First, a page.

Smoke Free Movies BC Canada
"I got to smoke and drink in the movie and got paid for it " rejoices a most inappropriate Paul Giamatti in his acceptance speech for an award at the Golden Globes 2011. Even more inappropriate that his remarks were made during Canada's National No Smoking Week. Mr. Giamatti needs to be informed, as do the studios and actors who continue to support smoking in movies. Physicians for a Smoke Free Canada released a report August 2010, that after analyzing the results of four large US studies, researchers estimated that 44% of youth smoking can be attributed to on screen exposure. Applied to a Canadian context an estimated 130,000 Canadians age 15-19 became addicted to tobacco products due to exposure to on screen smoking, of whom 48,000 will eventually die of tobacco related diseases. The number of youth rated films with tobacco depictions shown in theatres is higher in Canada than the US because of the provincial film boards rating system. In 2009, 125 or the 145 movies with tobacco released in Canadian theatres were youth rated films with G PG or 14A, delivering more than 2/3rds of all in theatre tobacco impressions. From 2004 to 2009, an estimated $600 million in provincial and federal film production incentives have gone to US studio films shot in Canada, mostly in BC, Ontario and Quebec. An estimated $240 million of these public incentives funded US studios with smoking that were classified as appropriate for children and adolescent by Canadian provincial film authorities. Every dollar in taxpayer funding that the provinces and federal government gave to US studio films with smoking cost Canada $1.70 in tobacco related medical and productivity lose. Because provincial rating agencies seldom apply adult ratings (18A) to top grossing rated R in the United States, Canadian children are exposed to an estimated 60% more tobacco imagery than their US counterparts.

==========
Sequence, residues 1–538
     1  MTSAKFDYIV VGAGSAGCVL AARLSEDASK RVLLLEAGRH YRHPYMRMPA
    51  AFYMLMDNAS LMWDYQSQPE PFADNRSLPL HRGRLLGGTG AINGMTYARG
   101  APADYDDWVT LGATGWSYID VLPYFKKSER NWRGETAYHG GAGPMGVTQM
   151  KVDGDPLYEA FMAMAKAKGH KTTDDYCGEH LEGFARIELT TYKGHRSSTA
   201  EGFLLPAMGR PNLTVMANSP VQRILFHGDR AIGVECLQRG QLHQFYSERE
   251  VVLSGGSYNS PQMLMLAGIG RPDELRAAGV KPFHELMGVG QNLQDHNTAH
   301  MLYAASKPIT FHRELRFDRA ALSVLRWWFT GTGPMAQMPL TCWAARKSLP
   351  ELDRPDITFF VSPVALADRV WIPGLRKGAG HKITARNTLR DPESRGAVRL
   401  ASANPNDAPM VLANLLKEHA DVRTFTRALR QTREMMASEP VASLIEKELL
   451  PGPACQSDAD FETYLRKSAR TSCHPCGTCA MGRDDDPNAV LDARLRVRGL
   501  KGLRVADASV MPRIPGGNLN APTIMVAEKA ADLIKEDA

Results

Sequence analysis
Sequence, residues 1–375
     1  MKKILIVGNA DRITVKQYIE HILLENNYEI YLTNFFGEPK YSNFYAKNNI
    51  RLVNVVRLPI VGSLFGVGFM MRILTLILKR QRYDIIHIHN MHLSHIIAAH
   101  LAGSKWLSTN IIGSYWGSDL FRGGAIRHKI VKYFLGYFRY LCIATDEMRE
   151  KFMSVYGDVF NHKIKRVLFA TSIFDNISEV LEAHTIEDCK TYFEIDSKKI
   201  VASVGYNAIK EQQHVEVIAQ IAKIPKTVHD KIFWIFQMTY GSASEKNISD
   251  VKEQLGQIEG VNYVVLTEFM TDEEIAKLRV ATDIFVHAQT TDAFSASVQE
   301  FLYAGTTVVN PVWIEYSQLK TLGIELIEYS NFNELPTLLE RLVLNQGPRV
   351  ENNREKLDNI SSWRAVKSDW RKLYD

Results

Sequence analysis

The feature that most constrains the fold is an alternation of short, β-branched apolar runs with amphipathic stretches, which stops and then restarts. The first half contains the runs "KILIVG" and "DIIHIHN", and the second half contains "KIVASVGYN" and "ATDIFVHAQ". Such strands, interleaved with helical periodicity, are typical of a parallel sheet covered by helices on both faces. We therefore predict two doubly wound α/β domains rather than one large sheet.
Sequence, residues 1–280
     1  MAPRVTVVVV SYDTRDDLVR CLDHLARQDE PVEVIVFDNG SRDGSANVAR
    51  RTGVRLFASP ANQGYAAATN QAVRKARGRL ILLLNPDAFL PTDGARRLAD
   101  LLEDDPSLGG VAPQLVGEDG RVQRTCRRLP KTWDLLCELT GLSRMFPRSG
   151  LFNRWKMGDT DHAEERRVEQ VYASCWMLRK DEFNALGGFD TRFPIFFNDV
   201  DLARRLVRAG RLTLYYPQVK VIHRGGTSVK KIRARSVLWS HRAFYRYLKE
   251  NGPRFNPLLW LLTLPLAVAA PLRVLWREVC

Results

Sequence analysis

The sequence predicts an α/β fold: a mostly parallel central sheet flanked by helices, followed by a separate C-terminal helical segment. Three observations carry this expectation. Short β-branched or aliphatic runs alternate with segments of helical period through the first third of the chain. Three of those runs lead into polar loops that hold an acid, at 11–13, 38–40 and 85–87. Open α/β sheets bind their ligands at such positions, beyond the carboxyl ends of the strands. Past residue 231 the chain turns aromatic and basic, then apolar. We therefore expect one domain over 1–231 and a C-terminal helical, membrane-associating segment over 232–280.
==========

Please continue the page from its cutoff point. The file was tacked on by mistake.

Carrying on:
Policy Changes: 1. Rate new movies with smoking R, with the sole exception being when tobacco presentation clearly and unambiguously reflects the dangers and consequences of tobacco use or is necessary to represent smoking in a real historical figure. 2. Require producers to certify on screen that no one involved in the production of the movie received anything of value in consideration for using or displaying tobacco. 3. Require strong anti smoking ads to be shown before any movie with tobacco use at the distributor's expense, regardless of the rating and distribution channel. 4. Require producers to stop identifying tobacco brands. 5. Require that films with tobacco imagery assigned G PG or 14A rating ineligible for federal and provincial film subsidies.